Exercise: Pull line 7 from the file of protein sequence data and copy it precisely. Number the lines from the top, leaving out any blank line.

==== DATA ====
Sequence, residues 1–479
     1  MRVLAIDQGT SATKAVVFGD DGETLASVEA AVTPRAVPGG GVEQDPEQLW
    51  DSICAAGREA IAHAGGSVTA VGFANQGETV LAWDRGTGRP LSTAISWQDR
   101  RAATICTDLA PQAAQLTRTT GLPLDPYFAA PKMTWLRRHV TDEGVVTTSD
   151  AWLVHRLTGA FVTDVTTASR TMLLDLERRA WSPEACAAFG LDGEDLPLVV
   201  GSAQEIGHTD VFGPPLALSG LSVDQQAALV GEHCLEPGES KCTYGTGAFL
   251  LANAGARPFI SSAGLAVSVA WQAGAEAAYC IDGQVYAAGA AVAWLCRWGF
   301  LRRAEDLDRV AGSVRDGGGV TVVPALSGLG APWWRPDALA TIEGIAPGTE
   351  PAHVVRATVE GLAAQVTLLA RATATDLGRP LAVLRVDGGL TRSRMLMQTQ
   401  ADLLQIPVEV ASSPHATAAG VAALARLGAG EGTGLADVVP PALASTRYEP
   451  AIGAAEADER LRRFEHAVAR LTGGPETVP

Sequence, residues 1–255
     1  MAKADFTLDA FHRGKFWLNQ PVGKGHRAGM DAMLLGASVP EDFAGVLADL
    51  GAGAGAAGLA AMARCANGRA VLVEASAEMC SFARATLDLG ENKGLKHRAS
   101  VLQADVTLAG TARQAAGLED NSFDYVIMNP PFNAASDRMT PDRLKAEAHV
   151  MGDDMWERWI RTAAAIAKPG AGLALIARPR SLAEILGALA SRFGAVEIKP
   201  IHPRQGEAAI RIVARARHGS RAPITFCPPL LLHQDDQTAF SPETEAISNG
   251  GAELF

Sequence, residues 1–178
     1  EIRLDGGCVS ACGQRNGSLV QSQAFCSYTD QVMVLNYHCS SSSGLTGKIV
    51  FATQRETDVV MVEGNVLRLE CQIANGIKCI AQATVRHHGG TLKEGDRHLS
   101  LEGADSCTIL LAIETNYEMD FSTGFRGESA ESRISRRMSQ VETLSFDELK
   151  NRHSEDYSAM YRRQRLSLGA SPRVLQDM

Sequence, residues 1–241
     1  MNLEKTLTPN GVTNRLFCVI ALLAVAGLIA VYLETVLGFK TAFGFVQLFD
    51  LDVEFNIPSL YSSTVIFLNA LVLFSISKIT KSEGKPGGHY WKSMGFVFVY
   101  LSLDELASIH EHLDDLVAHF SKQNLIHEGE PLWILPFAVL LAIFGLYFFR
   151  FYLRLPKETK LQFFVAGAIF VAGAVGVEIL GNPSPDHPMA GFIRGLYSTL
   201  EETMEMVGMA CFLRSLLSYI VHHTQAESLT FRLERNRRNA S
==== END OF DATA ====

   251  LANAGARPFI SSAGLAVSVA WQAGAEAAYC IDGQVYAAGA AVAWLCRWGF